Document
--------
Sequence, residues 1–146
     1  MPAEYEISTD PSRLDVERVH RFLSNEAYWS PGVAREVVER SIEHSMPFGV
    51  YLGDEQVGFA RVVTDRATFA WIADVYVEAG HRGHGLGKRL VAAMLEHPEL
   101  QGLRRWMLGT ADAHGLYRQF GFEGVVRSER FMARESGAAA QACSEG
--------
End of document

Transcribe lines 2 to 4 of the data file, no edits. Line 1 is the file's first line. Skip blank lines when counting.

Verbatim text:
     1  MPAEYEISTD PSRLDVERVH RFLSNEAYWS PGVAREVVER SIEHSMPFGV
    51  YLGDEQVGFA RVVTDRATFA WIADVYVEAG HRGHGLGKRL VAAMLEHPEL
   101  QGLRRWMLGT ADAHGLYRQF GFEGVVRSER FMARESGAAA QACSEG